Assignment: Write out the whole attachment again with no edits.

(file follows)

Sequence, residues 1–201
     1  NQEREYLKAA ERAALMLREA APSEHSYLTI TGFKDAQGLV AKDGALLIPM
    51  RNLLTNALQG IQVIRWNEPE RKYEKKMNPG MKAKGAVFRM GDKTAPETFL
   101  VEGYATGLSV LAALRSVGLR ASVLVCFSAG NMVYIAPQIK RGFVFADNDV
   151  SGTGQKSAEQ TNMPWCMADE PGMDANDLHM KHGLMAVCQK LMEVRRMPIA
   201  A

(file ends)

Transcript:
Sequence, residues 1–201
     1  NQEREYLKAA ERAALMLREA APSEHSYLTI TGFKDAQGLV AKDGALLIPM
    51  RNLLTNALQG IQVIRWNEPE RKYEKKMNPG MKAKGAVFRM GDKTAPETFL
   101  VEGYATGLSV LAALRSVGLR ASVLVCFSAG NMVYIAPQIK RGFVFADNDV
   151  SGTGQKSAEQ TNMPWCMADE PGMDANDLHM KHGLMAVCQK LMEVRRMPIA
   201  A